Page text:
IBM, Aetna, Anthem, Health Care Service Corporation and PNC Bank are working together to design and create a blockchain network to improve transparency and interoperability in the healthcare industry, the companies announced.
Blockchain, which was popularized during the rise of crypto currencies such as Bitcoin, is described as a decentralized ledger of all transactions in a network. Its applications in the healthcare space are still emerging, but the technology remains a high priority for many companies.
Through the collaboration, the companies will create an inclusive blockchain network that serves as a secure and shared environment for the healthcare ecosystem. The goal of the project is to create a space that enables healthcare companies to build, share and deploy solutions that drive digital transformation in the healthcare industries.
"Blockchain's unique attributes make it suitable for large networks of members to quickly exchange sensitive data in a permissioned, controlled, and transparent way," Lori Steele, general manager for healthcare and life sciences for IBM, said in a prepared statement. "The fact that these major healthcare players have come together to collaborate indicates the value they see in working together to explore new models that we think could drive more efficiency in the healthcare system and ultimately improve the patient experience."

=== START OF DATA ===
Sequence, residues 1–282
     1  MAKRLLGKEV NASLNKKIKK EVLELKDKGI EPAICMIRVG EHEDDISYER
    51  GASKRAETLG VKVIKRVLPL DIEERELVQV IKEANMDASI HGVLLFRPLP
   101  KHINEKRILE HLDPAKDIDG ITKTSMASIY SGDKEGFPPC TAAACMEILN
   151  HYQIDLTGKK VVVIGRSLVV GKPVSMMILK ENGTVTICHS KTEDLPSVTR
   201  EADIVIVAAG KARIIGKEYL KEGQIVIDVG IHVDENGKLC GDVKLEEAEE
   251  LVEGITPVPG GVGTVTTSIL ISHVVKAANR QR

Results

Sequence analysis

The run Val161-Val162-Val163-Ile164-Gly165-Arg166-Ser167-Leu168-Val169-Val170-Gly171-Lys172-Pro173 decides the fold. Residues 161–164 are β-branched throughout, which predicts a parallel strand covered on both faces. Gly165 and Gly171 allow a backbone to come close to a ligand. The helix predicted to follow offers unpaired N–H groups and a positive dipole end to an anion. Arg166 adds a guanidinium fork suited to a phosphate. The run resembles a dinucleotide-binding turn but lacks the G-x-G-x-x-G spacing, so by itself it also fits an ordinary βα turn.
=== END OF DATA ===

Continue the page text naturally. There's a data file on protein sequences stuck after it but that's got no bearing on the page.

The healthcare industry, including the field of AI, has struggled with various transparency and interoperability issues. Last week, the American Heart Association and six other hospital groups released a six-point national agenda outlining how hospitals can achieve interoperability. Earlier this year, Duke researchers were awarded a grant to address transparency struggles in AI-based clinical decision support systems.
More members are expected to be added to the network, including other healthcare organizations, providers, startups and technology companies.
"We are committed to improving the healthcare consumer experience and making our healthcare system work more effectively," Claus Jensen, chief technology officer at Aetna, now owned by CVS Health, said in a statement. "Through the application of blockchain technology, we'll work to improve data accuracy for providers, regulators and other stakeholders, and give our members more control over their own data."